The best and worst kept secret of the hockey offseason has to be the absorption of the Central Hockey League by the ECHL. It’s something that has been talked about happening for months now, but there have been so few details put out about it that it’s been quite a well-kept secret at the same time. But the biggest questions on everyone’s mind has been why there is so much secrecy, and why it’s taken as long as it has to come to a conclusion. With ECHL training camps already beginning, and CHL camps slated to begin next week, the final toll of the clock is about to strike. But before it does, let’s look at why I think it has taken so long, and why it may hopefully come to an end early next week.
You may remember last year, when the Rapid City Rush and the Allen Americans were rumored to be moving to the ECHL, following the end the of the 2012-13 season. Ultimately, it’s a move that didn’t happen following a court injunction and since then, an on-going civil suit between the owners of the CHL (WPHL Inc.) vs. the ECHL, Rapid City Rush, and Allen Americans. Since that point, the CHL has been sold to the team owners, and the Allen Americans were sold to another set of owners. So in the grand scheme of things as they sit right now, it’s the old owner of the CHL (WPHL Inc.) vs. the ECHL and Rapid City.
As part of the beginnings of the case, WPHL Inc. –
“sought, among other things, an injunction enjoining Rapid City from (1) “leaving the CHL [the d/b/a of WHPLI] . . . from joining, affiliating, or participating in the East Coast Hockey League”; and (2) “from soliciting or assisting other franchises to leave the CHL . . . and from interfering with the sale of Plaintiffs’ interest in the CHL.””
“On May 31, 2013, this Court granted a temporary injunction against Team Defendants enjoining Rapid City from leaving the WPHL to join the East Coast Hockey League.”
Since that point, the Rapid City Rush have been trying to fight that injunction, basing it off of an amendment that was made to their license agreement with the WPHL Inc. On September 10th, 2013, the Rush filed for a Partial Summary Judgement regarding this injunction.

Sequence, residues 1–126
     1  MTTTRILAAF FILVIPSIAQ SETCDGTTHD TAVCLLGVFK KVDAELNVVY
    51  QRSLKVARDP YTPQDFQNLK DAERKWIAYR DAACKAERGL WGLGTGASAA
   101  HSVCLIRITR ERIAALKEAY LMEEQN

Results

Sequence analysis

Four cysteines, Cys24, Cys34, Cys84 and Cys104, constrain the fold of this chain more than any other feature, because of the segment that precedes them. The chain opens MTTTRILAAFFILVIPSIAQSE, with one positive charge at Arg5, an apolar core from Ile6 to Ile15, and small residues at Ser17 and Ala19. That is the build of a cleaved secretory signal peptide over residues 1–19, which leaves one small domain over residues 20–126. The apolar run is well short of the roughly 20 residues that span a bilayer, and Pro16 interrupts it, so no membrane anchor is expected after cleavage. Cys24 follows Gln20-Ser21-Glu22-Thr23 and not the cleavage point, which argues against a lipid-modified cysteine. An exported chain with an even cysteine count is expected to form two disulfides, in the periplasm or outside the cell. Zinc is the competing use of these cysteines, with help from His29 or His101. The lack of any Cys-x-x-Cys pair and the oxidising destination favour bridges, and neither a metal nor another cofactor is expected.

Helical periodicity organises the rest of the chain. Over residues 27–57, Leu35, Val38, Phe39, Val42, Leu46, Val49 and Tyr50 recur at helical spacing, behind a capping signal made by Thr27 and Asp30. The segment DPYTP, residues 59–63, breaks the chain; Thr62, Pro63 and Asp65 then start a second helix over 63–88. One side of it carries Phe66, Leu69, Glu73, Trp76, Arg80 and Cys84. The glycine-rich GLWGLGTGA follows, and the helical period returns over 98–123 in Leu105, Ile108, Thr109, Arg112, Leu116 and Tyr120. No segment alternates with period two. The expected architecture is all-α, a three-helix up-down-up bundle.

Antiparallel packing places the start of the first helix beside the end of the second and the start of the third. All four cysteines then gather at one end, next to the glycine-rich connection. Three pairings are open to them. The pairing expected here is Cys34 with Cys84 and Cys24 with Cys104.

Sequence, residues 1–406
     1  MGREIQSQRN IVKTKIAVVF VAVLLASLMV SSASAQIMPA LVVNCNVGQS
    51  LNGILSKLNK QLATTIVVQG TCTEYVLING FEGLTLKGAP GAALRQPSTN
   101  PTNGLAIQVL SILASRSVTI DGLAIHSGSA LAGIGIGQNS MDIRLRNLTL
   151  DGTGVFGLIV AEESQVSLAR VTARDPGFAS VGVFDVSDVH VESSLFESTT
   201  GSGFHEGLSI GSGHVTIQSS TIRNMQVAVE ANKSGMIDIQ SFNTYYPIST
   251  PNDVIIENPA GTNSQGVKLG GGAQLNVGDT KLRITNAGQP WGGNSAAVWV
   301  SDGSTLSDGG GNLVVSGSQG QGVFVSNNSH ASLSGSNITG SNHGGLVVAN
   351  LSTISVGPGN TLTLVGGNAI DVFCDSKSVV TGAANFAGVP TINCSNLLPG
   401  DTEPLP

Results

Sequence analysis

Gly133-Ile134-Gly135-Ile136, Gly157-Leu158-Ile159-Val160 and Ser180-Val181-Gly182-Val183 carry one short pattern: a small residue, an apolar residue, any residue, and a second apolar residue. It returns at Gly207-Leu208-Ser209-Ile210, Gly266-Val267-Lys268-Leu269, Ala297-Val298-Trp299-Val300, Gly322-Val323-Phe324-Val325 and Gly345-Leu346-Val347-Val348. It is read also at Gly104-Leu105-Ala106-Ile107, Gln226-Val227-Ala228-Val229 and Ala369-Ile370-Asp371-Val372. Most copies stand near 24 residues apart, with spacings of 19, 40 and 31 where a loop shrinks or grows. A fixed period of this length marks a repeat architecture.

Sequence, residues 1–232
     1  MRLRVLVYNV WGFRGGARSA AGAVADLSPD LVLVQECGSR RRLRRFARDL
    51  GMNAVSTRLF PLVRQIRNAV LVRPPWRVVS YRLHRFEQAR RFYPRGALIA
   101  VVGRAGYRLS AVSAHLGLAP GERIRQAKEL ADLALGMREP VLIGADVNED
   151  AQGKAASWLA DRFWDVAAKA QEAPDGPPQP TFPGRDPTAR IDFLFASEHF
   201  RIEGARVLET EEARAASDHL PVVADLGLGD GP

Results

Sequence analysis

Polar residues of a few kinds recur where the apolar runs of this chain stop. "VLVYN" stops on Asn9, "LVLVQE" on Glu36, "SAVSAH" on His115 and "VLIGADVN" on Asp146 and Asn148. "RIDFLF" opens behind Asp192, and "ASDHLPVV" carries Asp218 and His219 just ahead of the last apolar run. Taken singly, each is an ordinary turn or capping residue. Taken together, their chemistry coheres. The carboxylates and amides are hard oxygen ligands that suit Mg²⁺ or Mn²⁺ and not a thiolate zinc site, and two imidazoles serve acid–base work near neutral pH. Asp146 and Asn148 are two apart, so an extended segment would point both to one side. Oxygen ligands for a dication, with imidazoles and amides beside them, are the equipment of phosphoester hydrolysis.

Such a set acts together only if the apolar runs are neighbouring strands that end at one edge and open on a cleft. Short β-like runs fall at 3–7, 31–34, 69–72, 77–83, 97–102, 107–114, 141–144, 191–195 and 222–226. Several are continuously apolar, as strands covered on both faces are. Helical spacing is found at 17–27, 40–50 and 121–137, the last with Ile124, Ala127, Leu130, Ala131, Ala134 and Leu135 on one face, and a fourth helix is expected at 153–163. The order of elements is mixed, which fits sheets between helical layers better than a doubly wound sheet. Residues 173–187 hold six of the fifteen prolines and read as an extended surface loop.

“Also on July 15, 2007, WPHLI and Rapid City executed an Amendment to License Agreement. Section 3 of the Amendment creates an exception to the non-competition provision in Section 18 of the License Agreement. Specifically, under the Amendment, if the WPHLI is ever sold or its interest is assigned and transferred, Section 18 of the License Agreement “does not apply.” The provision reads, in pertinent part:
Non-Competition Provision. The Non-Competition provision set forth in section 18 of the License Agreement will remain as written provided that WPHLI maintains a professional standard of operation consistent with the current AA level of professional play or higher. In the event that the WPHLI does not, at a minimum, maintain a professional standard of operations consistent with the current AA level of professional play, section 18 of this agreement would not be enforced. Section 18 shall also not apply if the WPHLI d/b/a CHL sells, assigns or transfers its interest or otherwise ceases to exist under the name WPHLI d/b/a CHL. (emphasis added)”
Since this was heard on October 24th, 2013, there have been a number of letters sent to the courts regarding this hearing by the attorneys representing the Rapid City Rush, all generally saying the same thing. The most recent one was sent on August 28th, 2014.
“I am writing in connection with Defendants Scott Mueller’s and Rapid City Professional Hockey, LLC’s Motion for Partial Summary Judgment and to Modify Temporary Injunction (the “Motion”).
The Motion was filed September 10, 2013, and the court heard argument on the Motion on October 24, 2013. At the conclusion of that argument, Plaintiffs requested an opportunity to submit additional briefing, which the Court permitted. Plaintiffs filed their supplemental brief on October 29, 2013, and the Rapid City Defendants filed their supplemental brief on November 1, 2013. Once these supplemental filings had been made, the Motion was fully briefed and ripe for a decision.
At a hearing on November 26, 2013, the Court indicated that it thought it had ruled on the Motion, and I advised that I had not seen such an order. At a separate hearing on February 12, 2014, the Court indicated that it would try to enter an order by the end of February. As of today, no order has been entered in connection with the Motion.
I recognize that the Court has many matters on its docket. My clients, however, urgently require a ruling in order to make plans regarding the operation of their business. Accordingly, my office contacted the clerk yesterday to schedule another hearing on the Motion; we were advised to send this letter to your Honor explaining the basis for our request for a hearing.
Please let me know if the Rapid City Defendants can provide any additional briefing in connection with the Motion.
Otherwise, I respectfully request that the Motion be set for a final hearing at the Court’s first available setting.
The trial is currently set for this coming Monday, October 6th, and I have to imagine the Rapid City Rush push for a ruling on this motion at that point. All signs have indicated that the announcement could be made on Monday or Tuesday, most likely coming after a ruling is made (or continues to have not been made). Mainly, this injunction wholly affects the Rush’s ability to join the ECHL, but it could also throw a wrench in the other CHL teams whose license agreements were most likely worded the same way prior to WPHL Inc. selling their interest to the CHL owners.
Monday and Tuesday seem to be the goal, but if nothing comes of it, the CHL may not be able to have a season, as I haven’t seen any type of Collective Bargaining Agreement from the league this season which may hamper a lot of insurance issues regarding the players. Stay tuned.